baker
02-09-2012, 09:58 PM
My ds (also first grade) has a real block with this type of problem. We were doing bar graphs and he would give me a blank stare...so frustrating! Personally, I think it is too advanced for a 6 year old boy, so I did not push it. A few weeks ago I placed small toys in several rooms and had my kids "collect the data" and then graph it. This seemed to make more since to him.

dbmamaz
02-09-2012, 10:12 PM
ack, now i feel lazy!!

ursula northman
02-10-2012, 12:00 AM
Oh, she can draw it out, and if you tell her what equation to use she is fine, but without that function given to her she has no idea whether to add or subtract. If presented in bar graph to begin with, she has no problem and has the answer in a blink of an eye, same wording and all. But the second you present her with it in story form she is lost. Maybe we will try graphing the numbers before we even approach the problem.

Cara, I know what you mean about not caring about PS performance. It has been really hard to care about getting her homework done when it is this stressful and I know we will be able to do it so much easier when she comes home. I don't get the privilege of working with her when she is at her best (mid-morning), so it is really hard to work on her trouble areas. By the time we get to address them we are both tired from the day and the last thing we want to do is math. She is expected to complete two worksheets, front and back, twice a week. It works out to about 100 problems in 15 different formats, and it is due the next day. At this point, if we hit major road blocks and we both want to start cursing, I tell her we will do it over the weekend. It's hard to care about due dates anymore, and what do I care if she chest-bumps in the hallway? She wanted to share her opinion about a book during reading time? GOOD! Let her interrupt class if it is the only way to get her thoughts out. If the only way she is going to feel valid is by making a little extra noise, guess what I am going to think is more important? Send home all the notes you want, I don't give a darn!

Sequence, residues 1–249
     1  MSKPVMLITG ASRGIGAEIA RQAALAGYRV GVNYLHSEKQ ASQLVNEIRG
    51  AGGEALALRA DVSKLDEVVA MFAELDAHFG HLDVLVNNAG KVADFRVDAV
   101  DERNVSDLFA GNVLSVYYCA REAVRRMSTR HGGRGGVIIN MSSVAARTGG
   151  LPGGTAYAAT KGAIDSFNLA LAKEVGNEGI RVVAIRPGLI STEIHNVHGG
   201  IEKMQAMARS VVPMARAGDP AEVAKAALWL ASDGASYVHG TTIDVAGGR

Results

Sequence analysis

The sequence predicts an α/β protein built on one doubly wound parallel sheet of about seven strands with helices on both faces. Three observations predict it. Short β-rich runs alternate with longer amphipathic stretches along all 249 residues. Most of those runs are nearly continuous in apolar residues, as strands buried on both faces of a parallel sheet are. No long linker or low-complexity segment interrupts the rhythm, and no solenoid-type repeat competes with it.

Resaj
02-10-2012, 08:03 AM
Totally nosy here, but could you pull her out now and forget suffering through the rest of the year?

ursula northman
02-10-2012, 09:07 AM
Totally nosy here, but could you pull her out now and forget suffering through the rest of the year?

If I could, I totally would! However, I am waiting on paperwork from her biological father. He is notorious for apathy. Our divorce took three years when all he had to do was take a class, sign a few papers, and make a phone call. I have to get a notarized statement allowing it, file the paperwork, and then wait 30 days before pulling her out. By the time I get it back, the school year will be over. So, suffer we must!

dbmamaz
02-10-2012, 09:49 AM
wow, thats annoying that you need his permission to homeschool! I just told my ex, I didnt ask lol. OF course, mine is just about as useless . . . so its not like he'd come around trying to cause trouble. He barely manages to tell the kids happy b-day. Apparently he's been off his meds for over a year, which makes him that much more useless.

I chose to stick out the school year just cuz i'm kinda OCD like that, I wanted a clean break. But my oldest had an in-school suspension, and then got another one. I actually requested it to be changed to an out-of-school suspension instead, and then let me . . . i dont care about his middle school records, putting a bipolar/autistic/tourettes kid in a small room w a bunch of mean kids all day is just cruel and unusual punishment. Esp since this was a crime he'd already been punished for by the teacher. I think it was just refusing to participate in gym or something stupid. I was SO done with it.

oh, and then I was supposed to drill my kindergartener on memorizing definitions for his state standards tests . . . we went over them a few times and I threw them away. thats not learning and i just dont care.

Jeni
02-10-2012, 09:59 AM
I would change the word on the paper or even rewrite it so it makes sense. If the teacher doesn't like it, remind them every kid learns differently and the other option is for you to just do it for her, her/his choice.